In face of the challenges, UNICEF Representative Ted Chaiban noted the contribution being made by Sudan to global development targets. “The campaign against polio is vital to the ongoing development of Sudan, but also to global efforts to eradicate polio. The commitment being shown by health officials, partner organizations and local volunteers is truly heartening,” he said.
40,000 vaccinators will travel from house to house in every community of the country during the three-day campaign, administering both the oral polio vaccine to all children under the age of five, and Vitamin A supplements to 4.9 million children aged six months to five years. Vitamin A is known to increase children’s resistance to disease and prevent blindness, critical in a country with the 49th highest under-5 mortality rate in the world. In Southern Sudan, vaccinators will also undertake guinea-worm surveillance.
Chaiban urged communities to ensure the safety of vaccinators in areas of the country still affected by fighting, saying that “safeguarding a child’s health rises above any political differences that may exist in communities. It is imperative that where fighting continues, vaccinators and monitors are guaranteed safe access, and parents are able to present their children for vaccination. We rely upon all those still involved in conflict in Sudan to provide those guarantees.”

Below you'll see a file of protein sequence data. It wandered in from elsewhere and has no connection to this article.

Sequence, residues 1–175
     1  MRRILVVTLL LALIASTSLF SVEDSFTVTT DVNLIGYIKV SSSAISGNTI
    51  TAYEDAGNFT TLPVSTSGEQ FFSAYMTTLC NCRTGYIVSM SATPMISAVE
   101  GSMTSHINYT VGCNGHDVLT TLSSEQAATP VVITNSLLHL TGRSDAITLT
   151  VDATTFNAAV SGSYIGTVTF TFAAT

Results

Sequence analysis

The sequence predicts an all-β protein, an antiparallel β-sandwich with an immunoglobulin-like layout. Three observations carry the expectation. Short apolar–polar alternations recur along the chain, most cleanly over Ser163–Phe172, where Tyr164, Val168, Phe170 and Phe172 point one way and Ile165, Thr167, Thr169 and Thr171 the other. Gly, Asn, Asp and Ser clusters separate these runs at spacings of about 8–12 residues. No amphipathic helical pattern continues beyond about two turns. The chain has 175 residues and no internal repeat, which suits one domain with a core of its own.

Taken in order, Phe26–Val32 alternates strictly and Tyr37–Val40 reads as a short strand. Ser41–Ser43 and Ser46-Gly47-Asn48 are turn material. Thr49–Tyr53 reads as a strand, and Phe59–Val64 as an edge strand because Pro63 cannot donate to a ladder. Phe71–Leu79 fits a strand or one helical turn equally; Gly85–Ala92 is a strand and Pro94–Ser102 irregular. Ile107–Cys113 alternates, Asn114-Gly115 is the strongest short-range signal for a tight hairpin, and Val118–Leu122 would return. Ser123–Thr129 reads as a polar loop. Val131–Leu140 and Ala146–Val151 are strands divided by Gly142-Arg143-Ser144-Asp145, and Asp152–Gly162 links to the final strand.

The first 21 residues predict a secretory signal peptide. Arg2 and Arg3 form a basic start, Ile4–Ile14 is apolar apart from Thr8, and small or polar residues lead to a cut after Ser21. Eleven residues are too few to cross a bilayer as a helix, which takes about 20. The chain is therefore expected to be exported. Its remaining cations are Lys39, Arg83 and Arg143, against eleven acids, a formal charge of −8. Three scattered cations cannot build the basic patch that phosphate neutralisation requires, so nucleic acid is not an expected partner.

The polio vaccine itself is administered through two small drops into a child’s mouth, making it one of the easiest immunization processes available. Simple training, supported by UNICEF and WHO, is all that is required to enable a local volunteer to undertake vaccinations.
Earlier smaller polio immunization campaigns in Sudan during 2006 have resulted in 1.3 million children being successfully vaccinated in Darfur. No polio cases have been reported anywhere in Sudan since June 2005; in 2004 Sudan was close to being declared polio-free. With many children in hard to reach areas, and the risks of cross-border transmission due to population displacement, the National Immunization Day campaigns are a critical addition to routine immunization efforts, especially as health infrastructures are still weakened in many parts of the country.
For 60 years UNICEF has been the world’s leader for children, working on the ground in 156 countries and territories to help children survive and thrive, from early childhood through adolescence. The world’s largest provider of vaccines for developing countries, UNICEF supports child health and nutrition, good water and sanitation, quality basic education for all boys and girls, and the protection of children from violence, exploitation, and AIDS. UNICEF is funded entirely by the voluntary contributions of individuals, businesses, foundations and governments.
For further information, please contact:
Edward Carwardine, Senior Communication Officer, UNICEF Sudan, Mobile: +249 (0)912 177 291, email@example.com